How come technology seems to fail at the most critical times? There you are making good progress toward an important deadline, overcoming all obstacles and having a winning day, when - crunch - the printer stops functioning. Better still, your PC crashes. And then at that very instant the boss appears to ask how things are going and will he be getting his report in less than an hour?
What gives, is technology bating us or is this really the norm?
The answer to this sometimes frustrating conundrum comes in two parts - the understandable and the distinctly quirky.
First, the understandable. When we get married, start a company or make any major life changes, we tend to re-equip. That is, we buy the TV, oven, fridge, washing machine, dryer and vacuum cleaner all at the same time.
Strange as it might seem all of these white and brown goods are designed to broadly the same lifetime specification. The Mean Time To Failure (MTTF) is around five years and the Mean Time To Death (MTTD) is around eight years. Ergo multiple and near simultaneous failures are to be expected - they actually have been built-in. In other words, if we buy 10 items at once, there is a pretty good chance that two or more will fail at a similar time.
This mechanism also applies to our automobiles, computers and other IT equipment - and everything else that is mass-produced. So buying a PC, printer, scanner and back-up drive all at once puts us in the same vulnerable position. Of course, the amount of use and abuse also influences the actual outturn of the MTBT and MMTD. Add to this the variability between manufacturers, suppliers and maintainers as well as that unpredictable commodity - software - and the stage is set.
Another factor: When is your car most likely to fail? The day after it has been in the repair shop. Once the repairman has been inside the box it is far more likely to become unreliable. This is true of everything you own. It is certainly true of any and all software upgrades and installs for computers. Hence the old adages - 'leave well enough alone' or 'if it ain't broke don't fix it'.
Some generally unseen mechanisms can often lead to a cascade of technology failures as well. In all complex systems a single point mechanism can lead to multiple failures and, conversely, multiple small failures can see a single dominant failure. For example, a network hub failure may see the loss of an internet connection, printer and scanner. At the same time, opening one more application when almost all the RAM is full, the hard drive is severely fragged and the mouse is dirty can cause a total system freeze.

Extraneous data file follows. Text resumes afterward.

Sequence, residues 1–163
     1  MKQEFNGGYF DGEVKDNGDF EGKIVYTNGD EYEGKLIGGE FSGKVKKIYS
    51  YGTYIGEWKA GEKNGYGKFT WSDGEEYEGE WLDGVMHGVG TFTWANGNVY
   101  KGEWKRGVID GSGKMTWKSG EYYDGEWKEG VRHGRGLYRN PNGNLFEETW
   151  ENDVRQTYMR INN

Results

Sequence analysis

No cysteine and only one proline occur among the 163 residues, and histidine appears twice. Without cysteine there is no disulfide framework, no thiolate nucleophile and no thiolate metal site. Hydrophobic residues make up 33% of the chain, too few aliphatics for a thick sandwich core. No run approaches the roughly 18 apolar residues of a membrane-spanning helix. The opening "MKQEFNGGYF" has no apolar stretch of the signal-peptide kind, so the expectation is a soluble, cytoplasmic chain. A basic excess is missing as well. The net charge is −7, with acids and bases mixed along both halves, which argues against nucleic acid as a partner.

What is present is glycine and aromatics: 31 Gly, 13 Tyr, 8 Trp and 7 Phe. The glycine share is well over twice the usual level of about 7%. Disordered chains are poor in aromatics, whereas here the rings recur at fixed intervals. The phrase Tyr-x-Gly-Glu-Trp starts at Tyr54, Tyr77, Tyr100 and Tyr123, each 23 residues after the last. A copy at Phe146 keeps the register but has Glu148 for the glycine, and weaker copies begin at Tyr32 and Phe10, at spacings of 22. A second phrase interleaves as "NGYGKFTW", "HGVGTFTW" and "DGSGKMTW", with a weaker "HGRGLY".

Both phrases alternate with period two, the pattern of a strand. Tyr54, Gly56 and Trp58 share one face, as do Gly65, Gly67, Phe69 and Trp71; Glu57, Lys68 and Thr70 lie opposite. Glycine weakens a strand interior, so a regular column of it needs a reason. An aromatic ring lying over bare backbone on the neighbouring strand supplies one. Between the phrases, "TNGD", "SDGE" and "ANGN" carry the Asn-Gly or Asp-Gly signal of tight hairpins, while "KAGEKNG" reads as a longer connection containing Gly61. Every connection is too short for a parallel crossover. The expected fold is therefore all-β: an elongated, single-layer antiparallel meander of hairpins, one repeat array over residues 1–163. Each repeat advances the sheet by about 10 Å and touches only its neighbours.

And now for the quirky mechanisms - us. One of our first problems is recognising what is going wrong when tech failures occur and then diagnosing the cause. Very often we are not all that good at it. We tend to jump to the wrong conclusion and, especially when tired and stressed, make mistakes and compound problems through bad decisions and actions.
Add to all of this the fact there are a lot of us networked together, with different competence levels, all trying to achieve different objectives and you have a disaster in the making.
We also have run up our load of company, domestic and leisure activities to a point where almost everything is on a critical path. There is no slack - no room for error or failure. In a way we assume our technology will not let us down.
Why? Because much of our technology - heat, light, power, communication, transport - is reliable. Sure, IT is still flaky but it's an awful lot better than it was 20 years ago and continues to improve. With our current mindset, any and all failures come at a critical time because everything we do is critical. We have no back-up, no standbys or no extra members of staff who can pick up the ball.
Is there a solution? Yes. But it means becoming less efficient and building in some slack. I don't want to brag because what follows is a bit extravagant. But because a lot of people live in my home, effectively two families under one roof, I now have two washing machines, dryers, irons and kitchens - and four vacuum cleaners. Domestically I am in good shape - but I am not advocating this as a solution. A sharing agreement with a close friend or neighbour makes for a far more economic solution if it can be arranged.
On the IT front, if you want reliability you have to spend money on dual machines, hard drives, printers, scanners and everything else. And never upgrade software or install a new OS or application on all of your machines simultaneously. Do it sequentially, establishing stability a stage at a time.
Overall my most effective investments have been in back-up hard drives, both internal and external, plus several no-break power supplies. If a power glitch or outage occurs, my systems keep running. This single measure has saved me much grief and paid for itself many times over. And it was the least expensive of all my precautions - just $100 or so for battery backup for my server, router, hubs, drives, PC and peripherals.
On one level I stand in awe that modern society and technology works at all but on another I can see all the inefficiencies. In the end failure is endemic and part of the learning process. We just need to continuously minimise the overall impact. And believe me, IT is getting better.
Whoops, there goes another light bulb.
Written after my printer ran out of black ink, a light failed in my office and my ISP went down for half an hour. All extremely rare events but grouped in the same hour. Column completed within the next hour and despatched to silicon.com via my Wi-Fi link.
Peter Cochrane is an engineer, scientist, entrepreneur, futurist and consultant. He is the former CTO and head of research at BT, with a career in telecoms and IT spanning more than 40 years.